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  • Writer's pictureDave Cottenie

Knight-Newbrough Field at University Stadium - Wilfrid Laurier Golden Hawks

Photos by Dave Cottenie, Stadium Journey

Stadium Info FANFARE Score: 3.43

Knight-Newbrough Field @ University Stadium

81 Seagram Drive

Waterloo, ON N2L 3B7

Year Opened: 1958

Capacity: 6,000

Striving To Be (Once Again) Golden

To say that University Stadium is in the midst of a facelift would be a vast underestimation of the time honored metaphor. The former Seagram Stadium, built in 1958, finally succumbed to time and the elements with the grandstands being condemned. After playing a few seasons with the majority of the grandstands being roped off as unsafe, the off-season between the 2022 and 2023 campaigns saw the wooden grandstands officially removed in preparation for a massive, multi-part renovation known as the Seagram Project. In the off-season after the 2023 season, the field turf will be replaced and the running track removed. Of course a significant fundraising campaign has begun at Wilfrid Laurier University to fund the other parts of the project, which do not have a specified timetable, and include a new grandstand, videoboard, locker rooms, concessions and an off-season bubble to facilitate winter use. In the meantime, the Golden Hawks will continue to make use of the facility with hopes that the university will be able to generate sufficient funds to make their dreams come to fruition.

The Wilfrid Laurier Golden Hawks began as Waterloo College before becoming Waterloo Lutheran University in 1960. With the provincial funding of only secular post-secondary institutions, the name Wilfrid Laurier University was adopted in 1973. The football team has been playing since 1924 and enjoyed a modicum of success for a small school culminating in Vanier Cup victories as National Champions in 1991 and 2003. University Stadium has been home to the Golden Hawks since 1958. Originally called Seagram Stadium and owned by the University of Waterloo, University Stadium was purchased by Wilfrid Laurier University from the City of Waterloo in 1992. In 2007 the field was renamed Knight-Newbrough Field after Laurier coaching legends Dave “Tuffy” Knight and Rich Newbrough.

Food & Beverage 3

Concessions at University Stadium are pretty good for an OUA football facility. The main concession stand under the grandstand offers regular stadium fare including popcorn, cotton candy, nachos, chips and Domino’s Pizza. Coffee and Coca-Cola beverages are also available. In the west endzone there is normally a BBQ going that offers sausage, hot dogs and burgers. Also, for those of age, alcoholic beverages are available in the west endzone from Waterloo Brewing.

Atmosphere 2

Once, University Stadium was among the best football facilities in the OUA. Today, there remains much to be desired. The exterior of the stadium is attractive enough from the north side which includes a gymnasium used for various school recreation activities as well as a nice ticketing office. Entering the stadium, returning fans will be shocked at the removal of the main grandstand. The area behind the locker rooms and concessions is much more wide open and bright, however it feels like a significant decline in facility. Temporary bleachers have been placed to replace the grandstand with an elevated press and coaches box at the 55 yard line on the north side of the field. Bleachers on the south side, traditionally vacant, have been placed but are smaller than the north side bleachers. The capacity at University Stadium has been reduced to around 4,000 seats.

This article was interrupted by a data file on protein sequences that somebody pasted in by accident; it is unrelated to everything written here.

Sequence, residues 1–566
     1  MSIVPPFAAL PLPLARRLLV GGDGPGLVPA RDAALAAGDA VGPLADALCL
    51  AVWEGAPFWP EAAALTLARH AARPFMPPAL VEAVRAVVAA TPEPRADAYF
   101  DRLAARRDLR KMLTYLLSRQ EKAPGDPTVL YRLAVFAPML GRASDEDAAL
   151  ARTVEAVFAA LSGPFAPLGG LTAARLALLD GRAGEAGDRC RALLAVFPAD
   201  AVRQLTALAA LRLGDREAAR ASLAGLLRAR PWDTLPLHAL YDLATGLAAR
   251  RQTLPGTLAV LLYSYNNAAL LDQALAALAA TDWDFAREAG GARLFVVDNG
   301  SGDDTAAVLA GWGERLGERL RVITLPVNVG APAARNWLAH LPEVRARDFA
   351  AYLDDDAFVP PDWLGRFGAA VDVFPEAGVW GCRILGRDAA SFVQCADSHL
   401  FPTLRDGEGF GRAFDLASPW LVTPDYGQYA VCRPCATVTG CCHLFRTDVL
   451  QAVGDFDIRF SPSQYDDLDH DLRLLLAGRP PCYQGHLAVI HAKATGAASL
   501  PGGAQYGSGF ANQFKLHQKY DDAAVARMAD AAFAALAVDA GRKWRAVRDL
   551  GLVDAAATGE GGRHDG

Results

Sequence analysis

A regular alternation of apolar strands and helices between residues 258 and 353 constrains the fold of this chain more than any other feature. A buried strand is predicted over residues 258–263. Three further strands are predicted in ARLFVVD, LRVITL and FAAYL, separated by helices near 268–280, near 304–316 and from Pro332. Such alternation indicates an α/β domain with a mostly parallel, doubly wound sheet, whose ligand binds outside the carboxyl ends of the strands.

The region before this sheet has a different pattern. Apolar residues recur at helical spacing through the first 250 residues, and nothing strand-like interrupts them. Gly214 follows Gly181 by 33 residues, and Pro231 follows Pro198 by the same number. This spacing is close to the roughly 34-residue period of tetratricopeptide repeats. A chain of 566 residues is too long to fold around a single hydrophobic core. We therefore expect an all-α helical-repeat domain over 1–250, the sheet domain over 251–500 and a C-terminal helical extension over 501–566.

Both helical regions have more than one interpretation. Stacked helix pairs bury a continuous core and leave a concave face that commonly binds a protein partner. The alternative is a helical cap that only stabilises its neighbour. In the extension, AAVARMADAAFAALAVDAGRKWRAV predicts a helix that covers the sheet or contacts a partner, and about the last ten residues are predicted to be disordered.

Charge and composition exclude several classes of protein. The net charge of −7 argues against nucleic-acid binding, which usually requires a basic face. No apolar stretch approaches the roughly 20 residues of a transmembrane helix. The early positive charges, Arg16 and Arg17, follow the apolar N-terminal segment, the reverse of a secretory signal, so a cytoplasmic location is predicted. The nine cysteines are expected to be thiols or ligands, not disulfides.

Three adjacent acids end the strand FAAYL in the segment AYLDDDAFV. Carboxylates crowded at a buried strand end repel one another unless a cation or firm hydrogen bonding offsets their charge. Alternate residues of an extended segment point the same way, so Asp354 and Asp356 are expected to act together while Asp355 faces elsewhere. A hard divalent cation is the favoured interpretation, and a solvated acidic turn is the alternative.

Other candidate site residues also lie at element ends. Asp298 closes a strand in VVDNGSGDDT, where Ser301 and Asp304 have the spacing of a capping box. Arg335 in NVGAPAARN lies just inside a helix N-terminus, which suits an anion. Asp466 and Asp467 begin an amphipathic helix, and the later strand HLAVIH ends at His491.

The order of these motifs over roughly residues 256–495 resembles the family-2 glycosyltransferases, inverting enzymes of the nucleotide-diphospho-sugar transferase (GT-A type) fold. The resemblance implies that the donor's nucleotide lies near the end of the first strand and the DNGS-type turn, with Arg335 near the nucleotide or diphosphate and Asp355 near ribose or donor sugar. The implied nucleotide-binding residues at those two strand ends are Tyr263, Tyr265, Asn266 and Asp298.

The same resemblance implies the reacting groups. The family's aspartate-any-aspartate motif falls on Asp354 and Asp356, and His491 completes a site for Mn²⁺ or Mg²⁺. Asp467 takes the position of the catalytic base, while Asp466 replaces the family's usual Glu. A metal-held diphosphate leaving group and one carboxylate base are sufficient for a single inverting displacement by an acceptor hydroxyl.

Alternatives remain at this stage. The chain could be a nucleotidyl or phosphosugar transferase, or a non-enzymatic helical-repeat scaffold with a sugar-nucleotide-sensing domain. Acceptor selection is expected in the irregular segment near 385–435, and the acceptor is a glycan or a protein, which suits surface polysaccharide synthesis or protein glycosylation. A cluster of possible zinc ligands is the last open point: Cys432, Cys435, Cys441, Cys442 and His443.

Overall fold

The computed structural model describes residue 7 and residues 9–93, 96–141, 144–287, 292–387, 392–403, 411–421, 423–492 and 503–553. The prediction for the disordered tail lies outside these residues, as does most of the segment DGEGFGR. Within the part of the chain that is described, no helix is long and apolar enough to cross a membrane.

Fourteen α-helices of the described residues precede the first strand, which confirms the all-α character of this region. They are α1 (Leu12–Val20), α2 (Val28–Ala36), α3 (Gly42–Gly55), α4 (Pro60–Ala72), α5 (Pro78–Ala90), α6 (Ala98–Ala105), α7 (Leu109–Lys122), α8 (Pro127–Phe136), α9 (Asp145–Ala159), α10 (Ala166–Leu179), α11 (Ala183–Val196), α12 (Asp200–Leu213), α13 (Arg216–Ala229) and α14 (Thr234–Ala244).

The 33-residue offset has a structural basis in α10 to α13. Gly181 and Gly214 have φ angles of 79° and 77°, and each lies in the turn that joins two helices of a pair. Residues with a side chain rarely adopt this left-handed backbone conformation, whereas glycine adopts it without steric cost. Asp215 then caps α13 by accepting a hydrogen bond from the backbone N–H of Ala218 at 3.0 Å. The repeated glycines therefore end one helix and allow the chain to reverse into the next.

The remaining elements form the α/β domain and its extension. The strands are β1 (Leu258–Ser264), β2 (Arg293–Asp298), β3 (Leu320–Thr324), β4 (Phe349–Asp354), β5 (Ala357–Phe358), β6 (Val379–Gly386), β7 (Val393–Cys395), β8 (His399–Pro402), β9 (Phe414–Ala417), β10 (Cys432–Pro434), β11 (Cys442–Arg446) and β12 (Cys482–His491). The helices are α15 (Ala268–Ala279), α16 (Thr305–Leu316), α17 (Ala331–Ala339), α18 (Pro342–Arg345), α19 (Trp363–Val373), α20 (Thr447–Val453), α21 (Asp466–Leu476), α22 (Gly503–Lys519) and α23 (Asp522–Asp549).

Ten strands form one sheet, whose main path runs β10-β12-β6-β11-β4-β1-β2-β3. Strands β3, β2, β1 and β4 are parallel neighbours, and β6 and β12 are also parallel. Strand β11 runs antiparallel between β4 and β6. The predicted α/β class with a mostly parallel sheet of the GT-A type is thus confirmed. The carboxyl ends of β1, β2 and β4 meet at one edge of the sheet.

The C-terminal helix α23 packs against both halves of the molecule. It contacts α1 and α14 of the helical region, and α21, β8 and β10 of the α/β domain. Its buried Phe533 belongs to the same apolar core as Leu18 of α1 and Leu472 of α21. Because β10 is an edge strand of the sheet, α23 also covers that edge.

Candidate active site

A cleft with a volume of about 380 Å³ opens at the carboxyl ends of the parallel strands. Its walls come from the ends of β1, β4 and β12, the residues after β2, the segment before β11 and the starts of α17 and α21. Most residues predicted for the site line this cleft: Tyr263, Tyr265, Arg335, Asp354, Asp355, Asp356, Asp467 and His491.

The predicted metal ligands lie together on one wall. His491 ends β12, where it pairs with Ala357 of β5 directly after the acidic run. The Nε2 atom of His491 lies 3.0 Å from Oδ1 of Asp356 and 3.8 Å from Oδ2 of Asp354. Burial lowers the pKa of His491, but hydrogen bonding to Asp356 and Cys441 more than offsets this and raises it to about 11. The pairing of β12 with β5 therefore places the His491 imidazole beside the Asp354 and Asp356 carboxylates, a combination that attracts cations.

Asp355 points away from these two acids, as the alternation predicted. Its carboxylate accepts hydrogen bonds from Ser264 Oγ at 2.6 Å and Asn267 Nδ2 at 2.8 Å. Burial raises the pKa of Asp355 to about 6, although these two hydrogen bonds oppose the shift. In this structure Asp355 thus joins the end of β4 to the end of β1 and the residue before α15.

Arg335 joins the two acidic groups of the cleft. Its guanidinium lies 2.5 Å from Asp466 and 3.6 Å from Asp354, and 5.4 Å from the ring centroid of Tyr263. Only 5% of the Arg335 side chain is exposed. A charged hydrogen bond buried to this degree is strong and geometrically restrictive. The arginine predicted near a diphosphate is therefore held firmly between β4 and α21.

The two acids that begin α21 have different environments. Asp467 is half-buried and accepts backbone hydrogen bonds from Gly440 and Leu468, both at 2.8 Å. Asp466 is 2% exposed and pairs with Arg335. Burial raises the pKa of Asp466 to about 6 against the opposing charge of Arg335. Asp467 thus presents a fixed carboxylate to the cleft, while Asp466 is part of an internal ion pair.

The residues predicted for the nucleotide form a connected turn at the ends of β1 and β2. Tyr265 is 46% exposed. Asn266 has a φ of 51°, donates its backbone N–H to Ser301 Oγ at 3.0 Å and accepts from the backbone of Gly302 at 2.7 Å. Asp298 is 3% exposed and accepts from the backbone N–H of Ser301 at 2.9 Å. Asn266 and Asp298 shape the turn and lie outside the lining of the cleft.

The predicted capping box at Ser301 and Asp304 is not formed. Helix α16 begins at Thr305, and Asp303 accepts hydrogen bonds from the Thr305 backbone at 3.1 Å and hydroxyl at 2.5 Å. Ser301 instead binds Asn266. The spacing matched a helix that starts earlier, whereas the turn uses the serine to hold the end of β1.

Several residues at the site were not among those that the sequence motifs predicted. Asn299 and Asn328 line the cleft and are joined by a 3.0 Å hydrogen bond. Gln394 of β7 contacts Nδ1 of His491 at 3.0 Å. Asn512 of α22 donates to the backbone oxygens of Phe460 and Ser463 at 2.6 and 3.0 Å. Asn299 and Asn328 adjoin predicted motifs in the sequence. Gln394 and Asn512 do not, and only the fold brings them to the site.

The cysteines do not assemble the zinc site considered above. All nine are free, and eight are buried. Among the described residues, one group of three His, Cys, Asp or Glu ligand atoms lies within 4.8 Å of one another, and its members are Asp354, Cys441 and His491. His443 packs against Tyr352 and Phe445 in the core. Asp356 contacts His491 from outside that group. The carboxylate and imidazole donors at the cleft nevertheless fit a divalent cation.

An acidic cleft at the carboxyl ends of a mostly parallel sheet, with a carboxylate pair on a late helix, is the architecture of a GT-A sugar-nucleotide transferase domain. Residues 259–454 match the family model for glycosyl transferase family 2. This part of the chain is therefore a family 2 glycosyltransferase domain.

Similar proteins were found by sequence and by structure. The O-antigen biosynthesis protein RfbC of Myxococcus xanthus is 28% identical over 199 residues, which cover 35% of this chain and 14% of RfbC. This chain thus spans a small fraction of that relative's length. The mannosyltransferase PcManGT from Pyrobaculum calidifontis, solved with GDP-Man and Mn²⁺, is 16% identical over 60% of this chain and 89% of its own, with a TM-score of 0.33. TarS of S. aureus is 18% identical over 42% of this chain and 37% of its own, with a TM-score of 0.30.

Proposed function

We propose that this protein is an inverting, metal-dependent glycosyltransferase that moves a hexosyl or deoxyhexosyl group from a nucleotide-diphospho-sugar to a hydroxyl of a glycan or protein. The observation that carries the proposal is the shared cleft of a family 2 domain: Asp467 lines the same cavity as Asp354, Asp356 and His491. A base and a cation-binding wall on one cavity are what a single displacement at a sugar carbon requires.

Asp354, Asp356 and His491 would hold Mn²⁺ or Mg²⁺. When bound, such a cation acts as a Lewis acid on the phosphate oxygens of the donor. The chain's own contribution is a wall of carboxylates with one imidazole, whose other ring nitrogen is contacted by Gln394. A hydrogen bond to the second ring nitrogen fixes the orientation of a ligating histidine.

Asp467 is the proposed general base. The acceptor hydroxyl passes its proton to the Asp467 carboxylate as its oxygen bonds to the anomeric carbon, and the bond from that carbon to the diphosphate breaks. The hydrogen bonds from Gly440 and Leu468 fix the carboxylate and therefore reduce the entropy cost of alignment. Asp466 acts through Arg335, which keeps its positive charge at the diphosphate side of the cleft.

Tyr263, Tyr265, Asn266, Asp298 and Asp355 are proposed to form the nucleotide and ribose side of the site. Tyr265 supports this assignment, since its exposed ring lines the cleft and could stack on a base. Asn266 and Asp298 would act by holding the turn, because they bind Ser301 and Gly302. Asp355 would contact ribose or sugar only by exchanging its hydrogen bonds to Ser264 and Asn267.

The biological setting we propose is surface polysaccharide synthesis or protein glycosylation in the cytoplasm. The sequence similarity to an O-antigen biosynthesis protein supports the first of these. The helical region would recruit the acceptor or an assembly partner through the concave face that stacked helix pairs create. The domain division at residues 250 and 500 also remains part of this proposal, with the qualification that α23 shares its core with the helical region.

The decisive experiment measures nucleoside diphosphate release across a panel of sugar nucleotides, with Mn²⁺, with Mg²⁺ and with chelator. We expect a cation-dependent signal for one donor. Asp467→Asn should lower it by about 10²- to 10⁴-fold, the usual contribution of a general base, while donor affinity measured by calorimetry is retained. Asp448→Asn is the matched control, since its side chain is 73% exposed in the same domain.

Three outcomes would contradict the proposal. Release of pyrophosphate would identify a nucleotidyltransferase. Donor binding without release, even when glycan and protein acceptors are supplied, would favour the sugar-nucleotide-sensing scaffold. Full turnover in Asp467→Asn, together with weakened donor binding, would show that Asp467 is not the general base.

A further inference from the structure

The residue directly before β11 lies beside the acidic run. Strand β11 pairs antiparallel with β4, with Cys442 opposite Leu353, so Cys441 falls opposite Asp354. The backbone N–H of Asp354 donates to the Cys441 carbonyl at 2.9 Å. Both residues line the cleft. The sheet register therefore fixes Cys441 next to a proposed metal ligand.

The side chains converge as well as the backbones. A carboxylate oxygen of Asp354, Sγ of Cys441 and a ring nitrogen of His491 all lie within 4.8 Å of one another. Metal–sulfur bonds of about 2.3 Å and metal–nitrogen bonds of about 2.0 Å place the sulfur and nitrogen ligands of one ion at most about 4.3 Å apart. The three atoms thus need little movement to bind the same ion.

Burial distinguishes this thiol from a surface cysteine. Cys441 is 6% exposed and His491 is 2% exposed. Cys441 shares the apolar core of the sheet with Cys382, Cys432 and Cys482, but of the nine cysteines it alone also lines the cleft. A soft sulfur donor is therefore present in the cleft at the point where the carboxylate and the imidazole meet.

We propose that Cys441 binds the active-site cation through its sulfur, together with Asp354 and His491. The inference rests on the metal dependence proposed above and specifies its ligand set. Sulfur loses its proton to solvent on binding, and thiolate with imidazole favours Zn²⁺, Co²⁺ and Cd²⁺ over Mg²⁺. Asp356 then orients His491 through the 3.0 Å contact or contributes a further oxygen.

The stadium grounds are surrounded by mature trees to give the experience a unique feel to it. The west endzone features a simple, football scoreboard. Underneath the scoreboard there is a sign to commemorate the 1991 and 2005 Vanier Cup Championships. Unfortunately, there are no acknowledgements of the eight Yates Cup Championships as Conference Champions or other memorable Laurier football personnel other than Knight and Newbrough.

The gameday atmosphere is about what one would expect from an OUA event. The requisite promotions are part of the fun and the host finds fans in the stands to take part in short competitions or to be Wilf's Fan of the Game. The cheerleading team leads the fans in standard football cheers and performs a number of gymnastic stunts. The Laurier mascot, Midas, can be found around the stadium interacting with fans and posing for pictures. A Laurier survey this season has changed the music selection for spots in between plays a bit and it is now a little more wide ranging. However, the Laurier anthem, “Country Roads” can still be heard at each game.

Neighbourhood 4

Wilfrid Laurier is an urban university located just up the street from another urban university. As a result there are a ton of great options for pre and post game meals. University and King streets are where one would find most of the options. There are a ton of great spots to get something to eat before or after the game. Some places one might consider checking out include Crabby Joe’s, Smoke’s Poutinerie and Ethel’s Lounge. The on-campus pub is Wilf’s and offers a great atmosphere and food while being student run and managed. The place you probably should settle on, however, is Morty’s Pub. Home of arguably the best chicken wings in the city, Morty’s always satisfies your post game craving. Their chicken wings are legendary in the city.